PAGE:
New guidelines devised by University of Stirling and University of Bath experts have been launched to provide meaningful support to people who have lost a relative or friend to alcohol or drugs.
They are based on findings from a three-year ESRC-funded research project, which suggests those left bereaved after a drug or alcohol related death often receive poor, unkind or stigmatising responses which can exacerbate their grief.
Professor Linda Bauld, and Research Fellows Jennifer McKell and Allison Ford, from Stirling’s Institute for Social Marketing were involved in the study.
Professor Linda Bauld said: “Our findings are drawn from interviews with family members in England and Scotland but are likely to have relevance across the UK. There is much more that can be done to support bereaved family members and consider their needs rather than focus on the stigma that drug and alcohol use can carry.
“Drinking and drug use is something that cuts across all sections of society. These guidelines are relevant for a diverse range of organisations and we hope they can now be tested in practice.”
In the largest known qualitative research sample of its kind, 106 bereaved adults were interviewed with further focus groups for practitioners. While some bereaved people reported positive experiences, the study identified much poor practice resulting from practitioners not understanding this kind of death and the issues involved.
It found such bereavements can typically be complicated by the stress of living with the person's substance use prior to the death; the difficult circumstances surrounding the death; a belief the death was premature and could have been prevented, and feelings of guilt in not having being able to intervene.
The researchers also highlight how bereaved people can be daunted by the myriad of different individuals and organisations they encounter after the death; steps to better cross-agency working are recommended.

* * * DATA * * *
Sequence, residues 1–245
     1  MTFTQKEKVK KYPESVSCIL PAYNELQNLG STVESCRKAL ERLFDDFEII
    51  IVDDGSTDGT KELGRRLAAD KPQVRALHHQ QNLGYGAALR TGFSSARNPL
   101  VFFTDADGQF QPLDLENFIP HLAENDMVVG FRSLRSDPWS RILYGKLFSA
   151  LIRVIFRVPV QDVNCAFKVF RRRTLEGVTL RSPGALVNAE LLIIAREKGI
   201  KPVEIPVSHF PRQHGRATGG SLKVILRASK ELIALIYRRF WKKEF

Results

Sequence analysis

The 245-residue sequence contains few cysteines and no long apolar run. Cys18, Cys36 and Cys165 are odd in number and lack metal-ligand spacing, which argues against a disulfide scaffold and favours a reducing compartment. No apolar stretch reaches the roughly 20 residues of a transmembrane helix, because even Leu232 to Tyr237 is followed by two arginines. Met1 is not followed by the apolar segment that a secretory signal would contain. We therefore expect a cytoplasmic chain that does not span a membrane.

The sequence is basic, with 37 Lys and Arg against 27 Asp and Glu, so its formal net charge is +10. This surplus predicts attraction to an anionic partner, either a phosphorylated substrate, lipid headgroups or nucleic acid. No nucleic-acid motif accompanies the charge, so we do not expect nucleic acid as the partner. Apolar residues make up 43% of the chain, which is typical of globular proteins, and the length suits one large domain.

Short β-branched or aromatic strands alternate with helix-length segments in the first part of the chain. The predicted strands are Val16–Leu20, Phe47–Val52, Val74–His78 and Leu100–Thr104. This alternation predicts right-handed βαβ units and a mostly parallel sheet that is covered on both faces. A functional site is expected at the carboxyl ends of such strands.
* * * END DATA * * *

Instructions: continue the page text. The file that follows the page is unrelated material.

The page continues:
In other cases where an individual has died in unusual circumstances, families may be offered a family liaison officer or victim support, but there is no such single point of support for people left bereaved through alcohol or drugs; something the researchers suggest could be considered.
The new guidelines have been developed by a working group of practitioners, including drug and alcohol service providers, the police, court, GPs and even a funeral director. The authors hope they will now be rolled out across support services.
Lead researcher, Dr Christine Valentine from the University of Bath’s Department of Social & Policy Sciences, said: “The unique combination of circumstances surrounding the death of somebody from alcohol or drug use can produce particularly severe bereavements. The fact that many of us feel uncomfortable or unsure about how to respond to these bereaved people, how we talk about these deaths and the limited support offered, are all symptomatic of the fact that, so far, this group, though sizeable, remains hidden and neglected by research, policy and practice.
“Our research has found that, while poor responses from services adds to their distress, a kinder and more compassionate approach can make a real difference. Our hope is that these Guidelines - developed for practitioners by practitioners - will provide a much needed blueprint for how services can respond to these bereaved people.”
According to Alcohol Concern, alcohol-related deaths have increased by nearly 20 per cent in the past 10 years. In 2012, there were nearly 6,490 alcohol-related deaths. According to the National Records of Scotland, there were 526 drug related deaths registered in Scotland in 2013. The latest ONS figures highlight that 2,955 drug-related deaths were registered in 2013 for England and Wales.